[Paleopsych] CHE: Intellectual Property and the New Class Divisions
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Mon Jan 24 21:38:18 UTC 2005
Intellectual Property and the New Class Divisions
The Chronicle of Higher Education, 5.1.28
By PETER MONAGHAN
The concept of intellectual property has created a class division
between "hackers" -- producers of information, be they academics,
creative artists, or others -- and a suffocating "new ruling class"
that has seized ownership of this property via patents, copyrights,
and trademarks. So argues McKenzie Wark, a professor of media and
cultural studies at New School University, in A Hacker Manifesto
(Harvard University Press).
Q. What's new about what this so-called ruling class is doing?
A. Until the late 60s, one thought of copyright or patent as a kind of
limited device, in the context of thinking of knowledge as something
that should be shared. Intellectual property turns it into the
equivalent of a private-property right. That's equivalent to the
enclosure of the commons, in my view.
Q. But why should information differ from any other good?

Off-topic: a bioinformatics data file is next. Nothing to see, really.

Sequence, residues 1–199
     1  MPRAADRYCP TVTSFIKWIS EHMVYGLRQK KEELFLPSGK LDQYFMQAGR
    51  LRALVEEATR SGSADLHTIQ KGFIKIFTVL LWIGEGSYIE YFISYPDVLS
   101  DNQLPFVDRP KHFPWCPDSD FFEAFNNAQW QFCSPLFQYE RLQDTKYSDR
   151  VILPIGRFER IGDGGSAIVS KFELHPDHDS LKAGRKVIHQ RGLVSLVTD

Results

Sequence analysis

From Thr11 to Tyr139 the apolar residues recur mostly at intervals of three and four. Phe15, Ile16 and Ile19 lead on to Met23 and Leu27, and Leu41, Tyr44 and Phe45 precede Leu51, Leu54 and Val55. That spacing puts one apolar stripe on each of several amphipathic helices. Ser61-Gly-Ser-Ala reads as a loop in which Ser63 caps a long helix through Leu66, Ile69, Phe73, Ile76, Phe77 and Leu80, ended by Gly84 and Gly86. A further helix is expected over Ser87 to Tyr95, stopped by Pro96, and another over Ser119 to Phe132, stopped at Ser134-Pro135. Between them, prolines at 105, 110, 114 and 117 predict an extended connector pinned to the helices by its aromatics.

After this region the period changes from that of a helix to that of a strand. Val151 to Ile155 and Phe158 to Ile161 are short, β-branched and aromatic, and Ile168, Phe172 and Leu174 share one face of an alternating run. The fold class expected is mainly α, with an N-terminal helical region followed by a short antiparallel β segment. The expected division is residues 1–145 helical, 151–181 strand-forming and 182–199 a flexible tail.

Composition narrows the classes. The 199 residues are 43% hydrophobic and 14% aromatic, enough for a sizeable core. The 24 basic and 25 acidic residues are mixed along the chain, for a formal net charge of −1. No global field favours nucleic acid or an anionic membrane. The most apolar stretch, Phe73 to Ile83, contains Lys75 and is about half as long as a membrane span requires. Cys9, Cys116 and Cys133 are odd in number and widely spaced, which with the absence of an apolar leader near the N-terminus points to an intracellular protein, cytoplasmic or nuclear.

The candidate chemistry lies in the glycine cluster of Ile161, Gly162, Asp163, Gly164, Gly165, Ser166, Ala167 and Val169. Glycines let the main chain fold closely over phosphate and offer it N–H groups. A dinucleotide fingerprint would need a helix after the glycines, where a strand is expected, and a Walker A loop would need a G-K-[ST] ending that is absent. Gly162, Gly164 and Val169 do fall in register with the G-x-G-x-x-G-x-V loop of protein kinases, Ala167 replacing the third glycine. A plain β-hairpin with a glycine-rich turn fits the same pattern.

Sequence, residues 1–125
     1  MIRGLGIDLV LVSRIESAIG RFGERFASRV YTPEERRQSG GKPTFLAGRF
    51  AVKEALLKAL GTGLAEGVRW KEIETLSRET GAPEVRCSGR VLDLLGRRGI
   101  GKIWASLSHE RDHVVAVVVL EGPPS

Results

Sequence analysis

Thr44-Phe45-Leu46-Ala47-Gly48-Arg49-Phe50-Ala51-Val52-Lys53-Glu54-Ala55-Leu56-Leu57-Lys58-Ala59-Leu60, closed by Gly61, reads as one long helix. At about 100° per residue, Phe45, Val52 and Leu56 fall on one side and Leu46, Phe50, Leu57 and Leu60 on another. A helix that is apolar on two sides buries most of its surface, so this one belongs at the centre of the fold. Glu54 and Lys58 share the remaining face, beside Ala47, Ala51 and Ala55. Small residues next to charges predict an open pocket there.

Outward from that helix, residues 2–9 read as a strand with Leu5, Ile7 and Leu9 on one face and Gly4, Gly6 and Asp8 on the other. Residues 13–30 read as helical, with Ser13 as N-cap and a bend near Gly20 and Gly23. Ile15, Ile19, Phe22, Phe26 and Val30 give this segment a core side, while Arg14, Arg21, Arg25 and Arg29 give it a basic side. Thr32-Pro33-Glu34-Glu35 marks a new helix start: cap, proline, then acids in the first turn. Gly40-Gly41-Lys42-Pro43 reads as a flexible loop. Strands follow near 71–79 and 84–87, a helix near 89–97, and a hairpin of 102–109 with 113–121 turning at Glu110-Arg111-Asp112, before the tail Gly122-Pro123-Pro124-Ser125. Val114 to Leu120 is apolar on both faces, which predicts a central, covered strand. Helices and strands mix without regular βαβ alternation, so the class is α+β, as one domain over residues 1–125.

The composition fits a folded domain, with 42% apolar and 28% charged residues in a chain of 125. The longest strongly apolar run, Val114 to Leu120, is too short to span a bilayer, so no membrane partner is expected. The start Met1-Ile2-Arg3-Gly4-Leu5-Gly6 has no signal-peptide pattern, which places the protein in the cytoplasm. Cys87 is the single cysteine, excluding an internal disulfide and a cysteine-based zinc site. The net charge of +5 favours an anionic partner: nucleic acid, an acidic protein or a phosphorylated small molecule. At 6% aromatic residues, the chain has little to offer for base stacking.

A. Information has really peculiar qualities. My possession of some
piece of it does not deprive you of it. So the usual laws of scarcity
don't apply. With the rise of digital technology, for the first time
we have something that can, at least in part, really escape from
Economic logic usually starts by saying desires are infinite but means
are scarce, therefore we need resource allocation. Here we have a
nonrivalrous good. We have something that challenges the whole notion
of scarcity. That presents a utopian possibility that one should
explore to the limit. But what one finds is that we are increasingly
shoving information back into the logic of the old economy of scarce
things by legal and technical means.
Q. And the new intellectual-property regime prevents "hackers" from
building on or toying with products that in essence are cultural
A. Exactly. We have the beginnings of whole new kinds of what I would
call abstract-gift economy.
That would include the free-software movement, for example, and the
rise of listservs, and the file-sharing ... movement, which is really
a social movement in all but name that is creating pressure for change
... embodied in a movement around sharing information as a gift.
Q. How can we construe intellectual property more expansively?
A. If you're a programmer, or a musician, or a philosopher, or a
biologist, or a chemist -- those tend to be fairly separate cultural
worlds. But all that we make is now rendered equivalent in the
marketplace by the privatizing of information, by intellectual
So the first thing is to see a common interest that isn't really
addressed by completely privatizing information. It's not in the
interest of the United States or any country to make information
available only to those who can pay for it. That's not how you advance
science. That's not how you advance democracy.
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